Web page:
|Photo by: Marc Israel Sellem|
Ariel Sharon shows significant neural activity
By JUDY SIEGEL-ITZKOVICH
Brain of former PM - in coma for 7 years - shows "surprisingly significant activity,"; no indication he'll ever wake up.
Functional magnetic resonance imaging (fMRI) of the activity in the brain of
former prime minister Ariel Sharon – who has lain in a deep vegetative state for
the last seven years – has been shown to be “surprisingly significant,”
according to a team of brain researchers at Beersheba’s Ben-Gurion University of
the Negev and Soroka University Medical Center on Sunday.
does not mean that he will ever regain consciousness, or that he feels anything,
other fMRI experts said.
The special scanner measures brain activity by
detecting changes in blood flow and is used to map neural activity in the brain
and the spinal cord. It does not require people to undergo shots, surgery,
ingest substances or be exposed to radiation.
The procedure is similar to
MRI, but uses the change in magnetization between oxygen- rich and oxygen-poor
blood as its basic measure.
The BGU-Soroka team said the results “show
the existence of sensory information processing” in Sharon’s brain, which
suffered severe damage as a result of his second stroke at Hadassah University
Medical Center in Jerusalem when he was prime minister.
The scan was
conducted on Thursday by BGU nerve scientist Prof. Alon Friedman and his
colleagues. Family friends made comments to Yediot Aharonot on Sunday about the
Although the 85-year-old former prime minister has been taken care
of at Sheba Medical Center at Tel Hashomer – which has its own fMRI scanner –
for most of the time since he was felled by two strokes, he was brought by
ambulance to Beersheba for the tests.
Soroka said they were conducted
there because “advanced new imaging techniques” were recently made available to
the Beersheba hospital team by Prof. Martin Monti of the neurosurgery and
psychology departments at the University of California at Los Angeles. They
wanted to determine the “amount and quality of activity” in Sharon’s brain,
During the two-hour test, researchers “showed” Sharon photos
of his family, played his son Gilad’s voice and presented stimulation by
To their surprise, Soroka said, “significant brain activity was
found in each test and in suitable brain areas. This demonstrates the existence
of sensory data processing” by his brain.
They then conducted some tests
aimed at estimating Sharon’s “level of consciousness,” and that despite the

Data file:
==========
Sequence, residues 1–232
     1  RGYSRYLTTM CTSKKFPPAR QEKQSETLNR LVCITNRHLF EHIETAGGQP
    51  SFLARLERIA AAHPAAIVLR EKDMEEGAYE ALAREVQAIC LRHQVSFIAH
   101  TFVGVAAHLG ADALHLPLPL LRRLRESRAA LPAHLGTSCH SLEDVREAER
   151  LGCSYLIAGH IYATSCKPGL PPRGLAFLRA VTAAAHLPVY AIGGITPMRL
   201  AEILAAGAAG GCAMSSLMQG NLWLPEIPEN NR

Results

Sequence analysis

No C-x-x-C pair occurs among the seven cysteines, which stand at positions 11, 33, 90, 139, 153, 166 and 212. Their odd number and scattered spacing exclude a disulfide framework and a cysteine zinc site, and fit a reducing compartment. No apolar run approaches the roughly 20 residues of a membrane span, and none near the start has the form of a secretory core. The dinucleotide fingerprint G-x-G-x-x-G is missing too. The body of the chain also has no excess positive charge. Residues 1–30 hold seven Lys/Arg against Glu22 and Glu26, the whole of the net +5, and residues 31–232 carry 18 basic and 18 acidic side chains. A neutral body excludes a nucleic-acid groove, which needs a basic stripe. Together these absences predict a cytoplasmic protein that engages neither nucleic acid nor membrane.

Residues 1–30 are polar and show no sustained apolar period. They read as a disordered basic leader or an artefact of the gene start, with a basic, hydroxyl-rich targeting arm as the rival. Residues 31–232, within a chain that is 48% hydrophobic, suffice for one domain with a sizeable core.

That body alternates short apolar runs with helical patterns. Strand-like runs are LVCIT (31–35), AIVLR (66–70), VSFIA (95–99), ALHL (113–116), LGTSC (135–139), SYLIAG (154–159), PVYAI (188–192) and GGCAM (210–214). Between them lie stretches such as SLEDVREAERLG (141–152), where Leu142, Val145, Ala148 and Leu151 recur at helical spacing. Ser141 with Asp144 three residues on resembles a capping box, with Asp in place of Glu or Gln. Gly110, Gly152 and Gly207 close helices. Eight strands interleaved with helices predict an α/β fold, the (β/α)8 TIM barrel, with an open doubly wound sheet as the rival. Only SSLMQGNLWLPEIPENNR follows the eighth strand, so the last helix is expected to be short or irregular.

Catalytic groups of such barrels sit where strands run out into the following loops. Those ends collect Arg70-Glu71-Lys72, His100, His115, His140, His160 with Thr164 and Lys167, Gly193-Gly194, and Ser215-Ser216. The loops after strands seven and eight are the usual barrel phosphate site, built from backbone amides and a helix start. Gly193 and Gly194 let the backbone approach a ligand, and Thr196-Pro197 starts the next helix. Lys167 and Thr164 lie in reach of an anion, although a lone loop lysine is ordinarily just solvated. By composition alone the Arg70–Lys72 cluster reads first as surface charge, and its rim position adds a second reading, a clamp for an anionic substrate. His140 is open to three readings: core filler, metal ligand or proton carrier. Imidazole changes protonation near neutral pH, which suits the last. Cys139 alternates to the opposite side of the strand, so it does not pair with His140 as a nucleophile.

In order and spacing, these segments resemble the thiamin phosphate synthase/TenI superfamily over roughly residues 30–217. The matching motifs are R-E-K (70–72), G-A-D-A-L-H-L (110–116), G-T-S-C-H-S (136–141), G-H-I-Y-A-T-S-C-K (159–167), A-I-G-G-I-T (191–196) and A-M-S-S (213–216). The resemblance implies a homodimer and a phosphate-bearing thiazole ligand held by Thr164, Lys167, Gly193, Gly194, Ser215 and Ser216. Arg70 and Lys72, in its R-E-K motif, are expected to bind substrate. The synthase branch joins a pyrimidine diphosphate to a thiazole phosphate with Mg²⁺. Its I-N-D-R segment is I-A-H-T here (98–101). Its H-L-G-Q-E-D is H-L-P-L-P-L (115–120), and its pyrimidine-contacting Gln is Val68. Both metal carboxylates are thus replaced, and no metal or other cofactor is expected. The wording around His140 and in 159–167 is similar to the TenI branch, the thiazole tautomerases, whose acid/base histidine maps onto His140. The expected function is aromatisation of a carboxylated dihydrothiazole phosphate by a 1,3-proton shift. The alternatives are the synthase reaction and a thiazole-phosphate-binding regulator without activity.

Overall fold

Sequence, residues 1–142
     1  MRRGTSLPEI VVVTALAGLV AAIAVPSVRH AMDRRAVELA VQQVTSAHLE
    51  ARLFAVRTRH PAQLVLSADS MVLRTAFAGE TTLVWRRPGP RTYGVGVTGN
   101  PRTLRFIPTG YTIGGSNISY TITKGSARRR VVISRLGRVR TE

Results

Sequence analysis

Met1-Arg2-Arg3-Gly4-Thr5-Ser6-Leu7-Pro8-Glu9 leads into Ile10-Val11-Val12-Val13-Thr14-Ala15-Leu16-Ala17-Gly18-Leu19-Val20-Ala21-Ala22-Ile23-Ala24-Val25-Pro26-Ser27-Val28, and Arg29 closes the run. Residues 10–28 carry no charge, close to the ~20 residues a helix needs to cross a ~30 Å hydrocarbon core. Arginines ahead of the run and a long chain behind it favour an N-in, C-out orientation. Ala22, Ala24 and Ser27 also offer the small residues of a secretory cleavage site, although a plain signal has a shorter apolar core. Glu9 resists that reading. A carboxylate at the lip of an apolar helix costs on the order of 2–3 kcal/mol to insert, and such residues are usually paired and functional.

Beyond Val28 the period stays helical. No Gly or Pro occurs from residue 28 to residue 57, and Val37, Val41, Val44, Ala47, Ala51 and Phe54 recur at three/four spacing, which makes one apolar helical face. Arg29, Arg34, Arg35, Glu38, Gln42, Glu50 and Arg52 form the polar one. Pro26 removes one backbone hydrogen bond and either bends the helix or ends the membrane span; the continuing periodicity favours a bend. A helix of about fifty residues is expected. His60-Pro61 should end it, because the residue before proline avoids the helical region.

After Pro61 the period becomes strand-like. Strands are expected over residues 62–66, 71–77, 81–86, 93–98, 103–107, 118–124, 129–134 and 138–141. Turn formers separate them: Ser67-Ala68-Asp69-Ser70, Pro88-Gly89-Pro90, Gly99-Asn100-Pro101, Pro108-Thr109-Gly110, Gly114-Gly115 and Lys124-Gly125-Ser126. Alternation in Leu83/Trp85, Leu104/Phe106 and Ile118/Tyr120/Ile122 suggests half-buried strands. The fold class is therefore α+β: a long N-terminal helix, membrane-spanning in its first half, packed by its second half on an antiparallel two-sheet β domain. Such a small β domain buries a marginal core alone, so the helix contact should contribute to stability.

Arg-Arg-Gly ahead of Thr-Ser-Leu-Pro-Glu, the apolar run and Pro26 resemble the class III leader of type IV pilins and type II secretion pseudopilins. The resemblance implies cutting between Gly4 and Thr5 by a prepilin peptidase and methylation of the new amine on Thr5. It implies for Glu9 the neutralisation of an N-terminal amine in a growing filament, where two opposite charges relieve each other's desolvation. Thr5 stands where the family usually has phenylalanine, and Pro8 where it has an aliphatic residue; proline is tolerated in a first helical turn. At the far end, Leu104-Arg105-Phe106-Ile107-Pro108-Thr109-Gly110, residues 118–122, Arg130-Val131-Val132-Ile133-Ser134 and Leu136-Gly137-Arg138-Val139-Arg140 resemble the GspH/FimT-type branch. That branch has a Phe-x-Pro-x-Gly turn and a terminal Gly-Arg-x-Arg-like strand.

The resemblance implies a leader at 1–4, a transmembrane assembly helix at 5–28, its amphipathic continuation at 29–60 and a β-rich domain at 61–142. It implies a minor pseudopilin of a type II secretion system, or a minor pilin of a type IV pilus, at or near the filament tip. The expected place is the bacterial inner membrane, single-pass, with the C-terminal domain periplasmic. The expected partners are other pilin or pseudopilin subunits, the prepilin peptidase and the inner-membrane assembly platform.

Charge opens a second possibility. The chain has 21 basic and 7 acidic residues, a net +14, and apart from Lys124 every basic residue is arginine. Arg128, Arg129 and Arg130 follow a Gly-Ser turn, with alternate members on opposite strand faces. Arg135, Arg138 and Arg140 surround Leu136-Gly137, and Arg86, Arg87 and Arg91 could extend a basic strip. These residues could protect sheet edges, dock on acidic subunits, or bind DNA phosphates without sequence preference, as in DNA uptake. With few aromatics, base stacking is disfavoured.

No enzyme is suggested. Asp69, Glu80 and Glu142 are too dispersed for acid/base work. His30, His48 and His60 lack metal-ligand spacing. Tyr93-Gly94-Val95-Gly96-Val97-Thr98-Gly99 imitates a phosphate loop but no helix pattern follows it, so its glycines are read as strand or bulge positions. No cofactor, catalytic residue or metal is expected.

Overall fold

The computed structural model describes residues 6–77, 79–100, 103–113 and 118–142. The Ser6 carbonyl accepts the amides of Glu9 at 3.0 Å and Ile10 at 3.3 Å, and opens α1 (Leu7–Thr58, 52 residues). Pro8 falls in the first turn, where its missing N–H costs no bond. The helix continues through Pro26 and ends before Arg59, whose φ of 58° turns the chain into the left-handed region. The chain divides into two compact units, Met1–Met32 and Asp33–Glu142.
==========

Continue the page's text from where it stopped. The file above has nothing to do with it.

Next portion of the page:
existence of “several encouraging” results, “they were still too weak to reach
clear conclusions,” the team said.
Monti said that “information from the
external environment reaches suitable brain centers in Mr. Sharon’s brain.
Nevertheless, the evidence is not clear cut on how much he is aware of his
Dr. Ilan Shelef, head of Soroka’s imaging center, said that
“this kind of research, which is at the forefront of science today, was the main
motivation for the purchase of the advanced fMRI by Soroka and BGU.”
Tzvi Ganel, of BGU’s Zlotowski Center for Neuroscience, who initiated the tests,
said the Sharon family was pleased that the advanced techniques were used, and
they could be useful for other families.
BGU’s Dr. Galia Avidan added:
“This is the kind of research that opens a window on the understanding of basic
questions connected to deeper understand of the basis of human
Soroka’s fMRI model is Philips’ 3T Ingenia.
important test expressed the great effort and cooperation between BGU and
Soroka. There is no doubt that we wouldn’t have been able to reach the necessary
level of execution without it,” said Soroka imaging center director Dr. Ilan
BGU president Prof. Rivka Carmi said the cost of the device was
about $3 million, and it is “regarded as the most advanced of its kind in
Israel.” The cost was covered not only by Soroka and BGU but by Soroka owner
Clalit Health Services and US donors.
“The new system,” said Carmi,
“makes possible the immediate conversion of the analog signals that the body
releases to digital signals and greatly improves the quality of the picture and
the speed of the scanning compared to analog systems.”
researchers at other fMRI centers, who did not want to be quoted because they
have not examined Sharon nor seen his medical file, noted that they too have
studied reactions in patients who are in deep comas.
Patients who have
been in such a coma for a shorter period may come out of it, they said. Patients
without severe brain injuries could react through an fMRI scan, not if asked yes
or no questions, but if told to think of a specific object, or if they could
answer a particular question. A familiar piece of music or odor could also
trigger a reaction.
But reacting to stimuli via fMRI does not mean the
patient has awareness, they added, or that the patient really can
However, brain research on patients in a deep vegetative
state could, they agreed, have the potential to help patients in the future, as
they could learn how to awaken patients. The actual chances of recovery for a
person who has been in a deep vegetative state for seven years is virtually nil,